My wife and I went to Toronto on a "mini-break" last weekend, to see Morrissey at the Hummingbird Centre. It turned out to be quite an adventure. After visiting her family, my wife and I took the commuter bus to Toronto on Tuesday morning and decided to try to drop our luggage at the hotel before wandering the city. As we stepped into the elevator after checking in, we were graced with the presence of none other than Julia Riley, the pseudo-celebrity to whom Morrissey speaks during concerts. She has reportedly been to all the shows on this tour, and most of the shows since 2002. Anyway, she was easy to recognize even from the few mysterious photos which have turned up on the Internet. While it was a pleasant surprise to have her in the same elevator as ourselves, we refrained from speaking to her.
On to the concert, our tickets were excellent, 11 rows from the front, with a patrolled aisle directly in front of us. Mozza was very clearly visible, although the sound was very muddy from where we were, and we have only begun to fully regain our hearing. Nevertheless, the show was a good one, and it was exciting to see the singer perform right there, mere feet in front of our humble selves. At the end of the concert, Morrissey threw his shirt into the crowd - much much too far forward for us to have any hope of catching - and it was inevitably ripped into many pieces. My wife and I decided to wait a few minutes after the show to relax a bit and take in the sights when I noticed a small group of people struggling to cut portions of the pink shirt, and so I thought I would take the opportunity to "help." I offered one of the girls my key in hopes that it would serve as an effective ripping tool, hoping perhaps to receive a small piece as a token of appreciation. My keys proved to be ultimately ineffective, but I decided to stick around with this group hoping to receive a few threads, at least.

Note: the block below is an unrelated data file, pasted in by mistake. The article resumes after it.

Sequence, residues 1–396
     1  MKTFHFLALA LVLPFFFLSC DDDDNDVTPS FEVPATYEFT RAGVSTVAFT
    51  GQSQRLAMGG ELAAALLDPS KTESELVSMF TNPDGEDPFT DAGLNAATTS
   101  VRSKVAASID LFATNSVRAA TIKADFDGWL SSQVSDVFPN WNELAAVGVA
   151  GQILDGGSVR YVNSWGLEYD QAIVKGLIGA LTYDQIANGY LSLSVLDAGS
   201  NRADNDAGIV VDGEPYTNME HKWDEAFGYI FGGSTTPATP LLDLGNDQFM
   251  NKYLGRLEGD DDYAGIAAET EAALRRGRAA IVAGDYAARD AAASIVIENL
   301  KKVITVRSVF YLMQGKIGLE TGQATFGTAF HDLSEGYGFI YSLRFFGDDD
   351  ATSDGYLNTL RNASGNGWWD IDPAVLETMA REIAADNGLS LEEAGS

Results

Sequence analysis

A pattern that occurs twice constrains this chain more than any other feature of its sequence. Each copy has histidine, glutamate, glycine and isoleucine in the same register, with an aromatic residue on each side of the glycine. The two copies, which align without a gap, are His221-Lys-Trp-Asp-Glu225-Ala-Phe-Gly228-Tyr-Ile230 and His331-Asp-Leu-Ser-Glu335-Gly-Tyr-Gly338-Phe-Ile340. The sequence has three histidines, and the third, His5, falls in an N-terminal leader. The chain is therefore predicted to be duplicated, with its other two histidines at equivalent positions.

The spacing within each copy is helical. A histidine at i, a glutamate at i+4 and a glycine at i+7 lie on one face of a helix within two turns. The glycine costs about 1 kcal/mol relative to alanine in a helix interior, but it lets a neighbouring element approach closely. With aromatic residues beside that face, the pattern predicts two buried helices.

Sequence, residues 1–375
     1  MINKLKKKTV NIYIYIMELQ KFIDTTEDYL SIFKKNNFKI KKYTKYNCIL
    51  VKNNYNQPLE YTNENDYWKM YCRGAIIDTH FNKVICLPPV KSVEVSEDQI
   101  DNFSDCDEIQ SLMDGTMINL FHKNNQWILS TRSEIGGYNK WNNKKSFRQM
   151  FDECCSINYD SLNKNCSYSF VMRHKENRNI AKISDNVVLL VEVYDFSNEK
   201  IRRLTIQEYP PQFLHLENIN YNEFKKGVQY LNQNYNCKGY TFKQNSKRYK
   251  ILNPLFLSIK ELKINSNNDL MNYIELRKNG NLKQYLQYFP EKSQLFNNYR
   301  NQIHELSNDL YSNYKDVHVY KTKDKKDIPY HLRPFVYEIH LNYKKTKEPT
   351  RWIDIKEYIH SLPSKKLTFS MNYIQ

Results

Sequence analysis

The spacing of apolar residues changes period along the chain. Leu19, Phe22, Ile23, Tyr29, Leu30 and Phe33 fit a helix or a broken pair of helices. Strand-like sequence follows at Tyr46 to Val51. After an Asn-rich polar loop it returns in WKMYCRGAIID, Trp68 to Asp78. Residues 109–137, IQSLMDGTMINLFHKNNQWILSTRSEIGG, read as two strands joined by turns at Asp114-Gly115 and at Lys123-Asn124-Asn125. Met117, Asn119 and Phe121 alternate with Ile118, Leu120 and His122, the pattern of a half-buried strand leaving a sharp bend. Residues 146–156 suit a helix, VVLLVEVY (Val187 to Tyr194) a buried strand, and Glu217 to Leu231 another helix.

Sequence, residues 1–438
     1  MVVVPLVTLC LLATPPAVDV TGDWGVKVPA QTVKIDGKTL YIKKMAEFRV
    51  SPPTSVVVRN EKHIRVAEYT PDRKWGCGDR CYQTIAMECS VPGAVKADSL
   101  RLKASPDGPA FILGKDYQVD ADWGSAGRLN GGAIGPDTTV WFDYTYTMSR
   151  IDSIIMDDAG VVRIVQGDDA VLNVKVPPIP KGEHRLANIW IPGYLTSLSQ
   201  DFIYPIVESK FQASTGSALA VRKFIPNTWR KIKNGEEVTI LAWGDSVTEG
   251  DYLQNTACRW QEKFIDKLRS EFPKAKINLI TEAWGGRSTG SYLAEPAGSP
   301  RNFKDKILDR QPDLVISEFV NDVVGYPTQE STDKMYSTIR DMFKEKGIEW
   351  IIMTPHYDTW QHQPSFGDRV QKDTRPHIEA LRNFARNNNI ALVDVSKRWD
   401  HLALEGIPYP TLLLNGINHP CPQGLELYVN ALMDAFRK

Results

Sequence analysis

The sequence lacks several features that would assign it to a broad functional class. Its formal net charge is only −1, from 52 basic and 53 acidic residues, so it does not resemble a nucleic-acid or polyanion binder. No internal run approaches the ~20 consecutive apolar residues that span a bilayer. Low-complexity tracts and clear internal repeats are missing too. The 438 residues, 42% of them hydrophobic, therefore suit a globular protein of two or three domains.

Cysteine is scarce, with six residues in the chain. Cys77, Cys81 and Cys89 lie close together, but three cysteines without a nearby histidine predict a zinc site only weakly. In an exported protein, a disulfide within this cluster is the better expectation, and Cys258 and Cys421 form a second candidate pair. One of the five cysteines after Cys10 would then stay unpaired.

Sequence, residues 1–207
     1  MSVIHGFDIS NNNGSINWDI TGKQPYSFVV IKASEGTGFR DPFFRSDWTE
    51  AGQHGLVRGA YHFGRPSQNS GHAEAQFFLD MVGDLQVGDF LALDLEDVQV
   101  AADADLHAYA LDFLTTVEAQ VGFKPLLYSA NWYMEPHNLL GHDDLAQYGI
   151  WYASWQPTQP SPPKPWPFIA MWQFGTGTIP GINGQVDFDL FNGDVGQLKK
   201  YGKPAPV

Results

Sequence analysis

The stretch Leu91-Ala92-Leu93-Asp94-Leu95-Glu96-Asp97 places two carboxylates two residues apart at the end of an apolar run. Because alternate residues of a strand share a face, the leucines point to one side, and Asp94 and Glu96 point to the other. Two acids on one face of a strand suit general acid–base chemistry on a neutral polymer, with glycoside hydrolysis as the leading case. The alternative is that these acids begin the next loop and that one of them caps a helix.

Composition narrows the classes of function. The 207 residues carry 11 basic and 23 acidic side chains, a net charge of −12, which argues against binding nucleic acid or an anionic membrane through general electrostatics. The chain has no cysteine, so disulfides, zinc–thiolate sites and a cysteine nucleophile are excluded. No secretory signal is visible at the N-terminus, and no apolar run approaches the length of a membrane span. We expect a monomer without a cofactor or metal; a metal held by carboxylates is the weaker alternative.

The shirt was pink and the label was "Gucci," and, after the intervention of a very kind security guard (perhaps the head of Morrissey's security cohort), I walked away with a small swatch of material from said shirt. I brought it back to my wife and we giggled as we took in the heavenly scent of the perfume which permeated the fabric. The next day was spent with trying to identify the scent. I knew from Morrissey-solo.com that he wore Dolce & Gabbana, and thus this was the first counter that we went to at Sears in the Eaton Centre. We were able to conclude that the perfume was in fact "By Dolce & Gabbana" ('By" being the brand name of this particular eau de toilette). As for the shirt, we have since tried to price a Gucci shirt to see how much Morrissey must spend, throwing perhaps as many as 3 shirts into any one concert crowd. We could only assume that they would each cost in excess of $300 Canadian.
Needless to say, the fabric portion has been properly enshrined in a frame, along with a ticket so as to indicate the date on which it was thrown. It was quite an adventure.